State lemon laws differ slightly in every state in many ways, including how they work, what problems they cover and how long they can protect consumers. However, all state lemon laws center around protecting consumers who inadvertently buy vehicles with repeated, unfixable defects. These laws let customers pursue claims against their lemon vehicle’s manufacturers so they can get compensation for time and money lost because of defects. The National Highway Traffic Safety Administration estimates manufacturers build roughly 150,000 defective vehicles every year, many finding their way to unwitting consumers. Manufacturers including Honda, General Motors, Chrysler, Toyota and more build lemon cars and foist them unknowingly upon the public.
Lemon laws make manufacturers stand by the written warranties provided to the consumer at the point of purchase. When defects arise in a vehicle, the manufacturer must repair the problem, replace the vehicle or compensate the consumer for time and money lost. When they fail to do so, lemon laws help consumers hire lemon law attorneys to help them get the compensation they deserve. However, sometimes a state’s lemon law falls short when a consumer needs it; that’s where the federal Magnuson-Moss Warranty act steps in.
The Magnuson-Moss Warranty Act of 1975 empowers all Americans, regardless of where in the nation they live, to pursue just compensation when wronged by an automotive manufacturer. The Act requires companies use plain, easily understood language when writing warranties. It also gives the Federal Trade Commission powers to enforce these warranties and protect consumers. The Act requires companies make clear statements in their warranties, otherwise those ambiguities will be held against the company in court.
Both state and federal laws protect consumers who purchase vehicles that turn out defective. Each state in America has their own lemon law, each empowering consumers and their lemon law lawyers to seek compensation when their vehicle fails to adhere to the written warranty.
State lemon laws usually cover all new vehicles purchased for personal, household use. This means your personal vehicle used to go to work, transport your family, go the store, etc., is covered. Some state lemon laws cover work vehicles as well, but not all states. Some states, including Washington, deliberately exclude commercial vehicles bought in a fleet of ten or more vehicles at a time.
Some states protect used vehicles, but only used vehicles still covered by their original factory warranties. For example, if a consumer buys a brand-new vehicle with two years on its warranty and resells it six months later, that vehicle is still covered under its original manufacturer’s warranty for another 18 months. If the vehicle’ next buyer purchases it and notices a defect within that span, that buyer would be protected. These circumstances are exceedingly rare, however, as most used vehicles are sold and repurchased long after the original factory warranty expires.
Some states, notably New York, offer specific warranty protections to those who purchase used vehicles beyond that offered by the manufacturer.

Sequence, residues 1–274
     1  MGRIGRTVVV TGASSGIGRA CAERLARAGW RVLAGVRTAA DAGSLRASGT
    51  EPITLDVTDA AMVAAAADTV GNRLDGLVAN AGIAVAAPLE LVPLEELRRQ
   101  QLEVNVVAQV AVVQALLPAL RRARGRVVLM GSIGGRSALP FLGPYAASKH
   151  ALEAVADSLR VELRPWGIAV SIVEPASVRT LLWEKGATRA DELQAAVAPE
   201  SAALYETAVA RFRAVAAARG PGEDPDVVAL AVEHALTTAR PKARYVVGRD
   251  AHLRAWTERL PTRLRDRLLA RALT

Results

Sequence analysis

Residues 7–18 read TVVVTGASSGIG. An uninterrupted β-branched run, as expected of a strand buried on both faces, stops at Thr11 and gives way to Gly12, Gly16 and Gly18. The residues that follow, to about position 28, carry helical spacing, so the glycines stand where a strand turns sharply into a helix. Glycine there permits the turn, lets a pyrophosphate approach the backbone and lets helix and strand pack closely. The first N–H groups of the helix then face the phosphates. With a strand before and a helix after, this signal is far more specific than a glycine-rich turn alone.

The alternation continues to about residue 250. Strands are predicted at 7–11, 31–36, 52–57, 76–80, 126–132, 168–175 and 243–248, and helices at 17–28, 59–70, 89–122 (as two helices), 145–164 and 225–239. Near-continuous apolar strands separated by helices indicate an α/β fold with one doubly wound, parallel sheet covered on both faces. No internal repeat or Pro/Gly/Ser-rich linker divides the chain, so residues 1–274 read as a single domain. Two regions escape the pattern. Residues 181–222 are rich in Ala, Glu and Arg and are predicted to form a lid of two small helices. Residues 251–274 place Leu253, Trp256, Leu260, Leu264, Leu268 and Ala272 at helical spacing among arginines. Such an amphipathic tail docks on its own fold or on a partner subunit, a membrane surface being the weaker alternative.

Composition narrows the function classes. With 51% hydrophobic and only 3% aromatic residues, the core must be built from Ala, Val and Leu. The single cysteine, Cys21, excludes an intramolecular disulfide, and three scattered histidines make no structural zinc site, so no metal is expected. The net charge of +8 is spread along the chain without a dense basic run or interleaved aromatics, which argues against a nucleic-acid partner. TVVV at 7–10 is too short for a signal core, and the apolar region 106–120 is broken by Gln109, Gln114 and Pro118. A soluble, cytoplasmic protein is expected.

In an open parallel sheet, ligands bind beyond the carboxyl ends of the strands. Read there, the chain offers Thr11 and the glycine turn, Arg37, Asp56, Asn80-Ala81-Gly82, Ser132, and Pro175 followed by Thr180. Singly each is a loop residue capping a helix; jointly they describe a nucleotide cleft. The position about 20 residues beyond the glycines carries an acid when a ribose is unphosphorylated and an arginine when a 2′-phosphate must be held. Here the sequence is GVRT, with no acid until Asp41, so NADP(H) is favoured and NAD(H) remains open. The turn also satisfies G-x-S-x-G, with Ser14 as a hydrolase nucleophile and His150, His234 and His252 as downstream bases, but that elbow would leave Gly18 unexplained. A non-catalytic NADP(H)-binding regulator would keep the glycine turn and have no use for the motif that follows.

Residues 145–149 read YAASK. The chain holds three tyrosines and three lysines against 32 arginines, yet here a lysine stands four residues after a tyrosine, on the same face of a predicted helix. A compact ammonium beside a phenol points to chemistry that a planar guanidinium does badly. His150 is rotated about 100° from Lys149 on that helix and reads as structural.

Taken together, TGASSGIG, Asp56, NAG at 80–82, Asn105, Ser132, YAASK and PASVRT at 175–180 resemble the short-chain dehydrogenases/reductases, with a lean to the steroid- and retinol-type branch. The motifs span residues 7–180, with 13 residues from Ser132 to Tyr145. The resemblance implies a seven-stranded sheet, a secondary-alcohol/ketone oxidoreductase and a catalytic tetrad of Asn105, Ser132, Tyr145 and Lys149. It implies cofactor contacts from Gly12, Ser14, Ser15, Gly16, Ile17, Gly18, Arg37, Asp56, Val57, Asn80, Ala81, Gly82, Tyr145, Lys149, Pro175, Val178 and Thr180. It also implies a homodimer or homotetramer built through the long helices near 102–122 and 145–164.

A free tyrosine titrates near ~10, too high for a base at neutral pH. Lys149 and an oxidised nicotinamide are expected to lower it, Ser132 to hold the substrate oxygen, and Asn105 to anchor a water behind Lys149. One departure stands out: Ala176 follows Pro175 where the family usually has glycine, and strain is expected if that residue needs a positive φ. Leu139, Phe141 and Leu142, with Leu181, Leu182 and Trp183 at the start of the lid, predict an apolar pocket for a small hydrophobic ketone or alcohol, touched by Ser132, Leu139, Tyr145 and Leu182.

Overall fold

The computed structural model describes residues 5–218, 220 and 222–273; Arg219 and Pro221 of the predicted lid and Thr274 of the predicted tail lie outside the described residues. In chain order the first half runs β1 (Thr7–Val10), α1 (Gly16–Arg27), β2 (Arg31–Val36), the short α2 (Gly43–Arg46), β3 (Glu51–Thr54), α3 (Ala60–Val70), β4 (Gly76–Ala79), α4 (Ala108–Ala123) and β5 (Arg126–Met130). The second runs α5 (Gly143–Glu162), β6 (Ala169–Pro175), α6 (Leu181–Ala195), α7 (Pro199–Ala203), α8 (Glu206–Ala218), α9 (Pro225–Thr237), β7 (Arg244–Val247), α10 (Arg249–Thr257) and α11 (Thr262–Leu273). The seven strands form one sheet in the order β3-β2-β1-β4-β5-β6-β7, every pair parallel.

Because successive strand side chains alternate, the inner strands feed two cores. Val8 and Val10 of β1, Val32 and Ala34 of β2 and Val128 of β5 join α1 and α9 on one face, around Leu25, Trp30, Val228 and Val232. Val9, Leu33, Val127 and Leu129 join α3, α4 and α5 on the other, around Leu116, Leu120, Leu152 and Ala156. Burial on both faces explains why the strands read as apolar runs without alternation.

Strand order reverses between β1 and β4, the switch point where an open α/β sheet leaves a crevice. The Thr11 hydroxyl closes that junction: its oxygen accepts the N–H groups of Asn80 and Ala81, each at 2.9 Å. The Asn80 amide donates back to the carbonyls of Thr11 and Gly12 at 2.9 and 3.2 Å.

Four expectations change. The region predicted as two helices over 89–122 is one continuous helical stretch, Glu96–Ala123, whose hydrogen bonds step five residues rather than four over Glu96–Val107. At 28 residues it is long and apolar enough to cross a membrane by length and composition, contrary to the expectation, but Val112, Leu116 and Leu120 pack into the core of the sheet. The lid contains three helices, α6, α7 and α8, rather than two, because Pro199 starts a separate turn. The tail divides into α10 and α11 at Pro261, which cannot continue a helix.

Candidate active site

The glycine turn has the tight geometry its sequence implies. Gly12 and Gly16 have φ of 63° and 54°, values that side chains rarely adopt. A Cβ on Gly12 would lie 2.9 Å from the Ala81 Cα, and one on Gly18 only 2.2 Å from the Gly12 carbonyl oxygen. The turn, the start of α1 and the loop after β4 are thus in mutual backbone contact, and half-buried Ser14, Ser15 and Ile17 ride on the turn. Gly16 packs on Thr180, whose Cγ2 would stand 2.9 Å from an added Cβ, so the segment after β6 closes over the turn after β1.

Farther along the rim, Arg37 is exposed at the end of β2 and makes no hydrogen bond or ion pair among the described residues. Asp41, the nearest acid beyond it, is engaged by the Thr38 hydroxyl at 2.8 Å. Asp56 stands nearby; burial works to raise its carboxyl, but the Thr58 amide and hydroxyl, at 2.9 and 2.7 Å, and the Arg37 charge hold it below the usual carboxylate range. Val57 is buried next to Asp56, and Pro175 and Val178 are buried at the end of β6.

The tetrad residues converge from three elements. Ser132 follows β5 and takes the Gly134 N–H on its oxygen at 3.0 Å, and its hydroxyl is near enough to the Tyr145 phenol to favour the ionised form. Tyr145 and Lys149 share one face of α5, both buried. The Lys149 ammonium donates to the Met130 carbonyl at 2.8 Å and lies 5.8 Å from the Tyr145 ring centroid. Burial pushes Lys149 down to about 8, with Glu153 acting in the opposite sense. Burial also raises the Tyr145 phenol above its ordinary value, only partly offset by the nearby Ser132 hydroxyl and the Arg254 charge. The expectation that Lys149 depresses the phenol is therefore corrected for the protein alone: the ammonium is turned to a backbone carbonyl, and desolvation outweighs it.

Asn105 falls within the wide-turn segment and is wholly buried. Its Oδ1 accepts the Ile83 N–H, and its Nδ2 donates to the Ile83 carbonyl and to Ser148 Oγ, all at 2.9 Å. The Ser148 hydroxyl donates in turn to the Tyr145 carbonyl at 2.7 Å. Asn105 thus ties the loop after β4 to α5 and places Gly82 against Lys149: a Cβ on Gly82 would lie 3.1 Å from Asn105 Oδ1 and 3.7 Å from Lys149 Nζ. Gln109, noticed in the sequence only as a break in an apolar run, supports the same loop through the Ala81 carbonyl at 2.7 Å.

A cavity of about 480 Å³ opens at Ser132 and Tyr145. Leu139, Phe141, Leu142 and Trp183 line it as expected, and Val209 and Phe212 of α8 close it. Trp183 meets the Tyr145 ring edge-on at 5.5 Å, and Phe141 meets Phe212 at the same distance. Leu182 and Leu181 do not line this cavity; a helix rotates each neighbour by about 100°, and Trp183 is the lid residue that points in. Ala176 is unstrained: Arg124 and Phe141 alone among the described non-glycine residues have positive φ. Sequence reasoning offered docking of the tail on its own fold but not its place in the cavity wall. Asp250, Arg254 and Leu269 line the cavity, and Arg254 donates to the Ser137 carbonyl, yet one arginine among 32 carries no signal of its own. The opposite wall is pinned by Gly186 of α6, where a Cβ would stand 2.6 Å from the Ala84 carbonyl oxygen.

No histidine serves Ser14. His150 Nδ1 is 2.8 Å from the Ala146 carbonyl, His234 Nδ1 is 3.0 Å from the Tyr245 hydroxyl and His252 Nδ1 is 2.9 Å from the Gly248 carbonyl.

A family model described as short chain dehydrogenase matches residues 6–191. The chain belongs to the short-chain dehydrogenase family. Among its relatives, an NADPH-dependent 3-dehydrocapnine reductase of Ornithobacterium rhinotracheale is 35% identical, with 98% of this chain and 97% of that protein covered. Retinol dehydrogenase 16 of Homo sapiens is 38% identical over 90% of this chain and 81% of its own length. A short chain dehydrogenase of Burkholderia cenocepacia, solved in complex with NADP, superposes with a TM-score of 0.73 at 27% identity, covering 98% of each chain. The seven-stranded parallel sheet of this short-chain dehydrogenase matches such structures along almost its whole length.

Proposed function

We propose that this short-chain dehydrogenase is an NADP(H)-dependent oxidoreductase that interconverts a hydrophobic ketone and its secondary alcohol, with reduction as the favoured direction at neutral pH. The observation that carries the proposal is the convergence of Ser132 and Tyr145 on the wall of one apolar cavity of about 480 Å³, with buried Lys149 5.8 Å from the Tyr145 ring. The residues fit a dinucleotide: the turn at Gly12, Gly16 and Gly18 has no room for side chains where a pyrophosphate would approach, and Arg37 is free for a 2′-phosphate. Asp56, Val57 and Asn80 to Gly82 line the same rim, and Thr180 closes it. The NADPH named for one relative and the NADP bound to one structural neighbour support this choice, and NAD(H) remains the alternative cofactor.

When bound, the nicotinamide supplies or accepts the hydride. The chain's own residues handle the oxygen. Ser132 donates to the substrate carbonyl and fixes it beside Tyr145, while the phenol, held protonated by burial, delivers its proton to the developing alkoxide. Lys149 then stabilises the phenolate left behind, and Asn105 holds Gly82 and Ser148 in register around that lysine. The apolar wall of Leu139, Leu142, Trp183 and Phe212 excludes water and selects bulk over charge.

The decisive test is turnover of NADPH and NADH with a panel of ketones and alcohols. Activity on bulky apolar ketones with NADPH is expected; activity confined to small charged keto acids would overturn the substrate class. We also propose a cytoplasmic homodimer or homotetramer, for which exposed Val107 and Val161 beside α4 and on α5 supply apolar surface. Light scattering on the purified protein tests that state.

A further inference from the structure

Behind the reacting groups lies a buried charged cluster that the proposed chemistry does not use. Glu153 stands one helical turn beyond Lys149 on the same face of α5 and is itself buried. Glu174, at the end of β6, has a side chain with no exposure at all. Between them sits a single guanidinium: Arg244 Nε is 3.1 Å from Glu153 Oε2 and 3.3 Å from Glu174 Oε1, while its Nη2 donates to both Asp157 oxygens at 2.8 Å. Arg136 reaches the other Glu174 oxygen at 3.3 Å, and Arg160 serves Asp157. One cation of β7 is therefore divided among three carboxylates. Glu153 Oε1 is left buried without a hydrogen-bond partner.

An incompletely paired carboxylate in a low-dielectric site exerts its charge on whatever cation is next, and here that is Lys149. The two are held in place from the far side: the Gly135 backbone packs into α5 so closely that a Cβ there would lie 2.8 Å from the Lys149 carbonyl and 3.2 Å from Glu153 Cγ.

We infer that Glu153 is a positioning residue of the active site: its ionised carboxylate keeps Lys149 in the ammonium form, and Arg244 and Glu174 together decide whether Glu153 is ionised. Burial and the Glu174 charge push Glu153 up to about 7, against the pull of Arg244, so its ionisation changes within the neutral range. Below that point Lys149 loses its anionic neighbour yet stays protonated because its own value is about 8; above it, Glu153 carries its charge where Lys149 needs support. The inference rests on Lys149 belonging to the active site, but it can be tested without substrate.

Other state lemon laws don’t cover used vehicles at all, stating their warranties protect only the first consumer who received the vehicle.
Every state law refers to the problems they cover as “nonconformities,” as their existence means the vehicle does not conform to the manufacturer’s warranty as written. Lemon laws define nonconformities as defects or problems that create safety hazards, impair the vehicle’s use, worsen its market value or any combination of those things. These problems can’t arise from the consumer’s after market modifications or unauthorized repairs, as those aren’t covered by lemon laws.
Lemon laws cover serious problems including those that affect a vehicle’s safety, including faulty airbags, leaking gas tanks or defective seatbelts. They also cover problems that affect the vehicle’s use, such as an engine that won’t start. Problems that negatively affect a vehicle’s value, such as persistent foul smells, also fall under the law’s purview.
State lemon laws include provisions telling consumers how long they have after discovering a defect to report the problem to their manufacturer. These laws also mandate how many repair attempts a consumer must allow before resorting to repurchase or replacement. For example, the Texas Lemon Law requires a vehicle be in the shop four times for the same defect (falling to two times if the law considers the problem a “serious safety hazard”), or out of service for repairs for 30 total days or more. These periods vary from state to state, so you should always speak to a qualified lemon law attorney to determine where your claim falls on this timeline.
State laws can limit you and your lemon law attorney’s abilities to pursue your claim, which is why many attorneys will often use the Magnuson-Moss Warranty Act instead. Your experienced lemon law lawyer will know the best way to pursue your claim, but you must act quickly.
The lemon law attorneys of Allen Stewart P.C. have combined decades of experience in suing automotive manufacturers on behalf of consumers. State and federal lemon laws contain many technicalities and potential pitfalls that could scuttle your claim, but Allen Stewart P.C.’s lawyers know how to avoid them all.
The Magnuson-Moss Warranty Act allows lemon law attorneys to collect their fees directly from the manufacturer. This means clients pay nothing out of pocket for their claim, and the money they earn from a successful claim is theirs to use however they want.
The longer you wait the harder it will be to complete your claim; contact us today.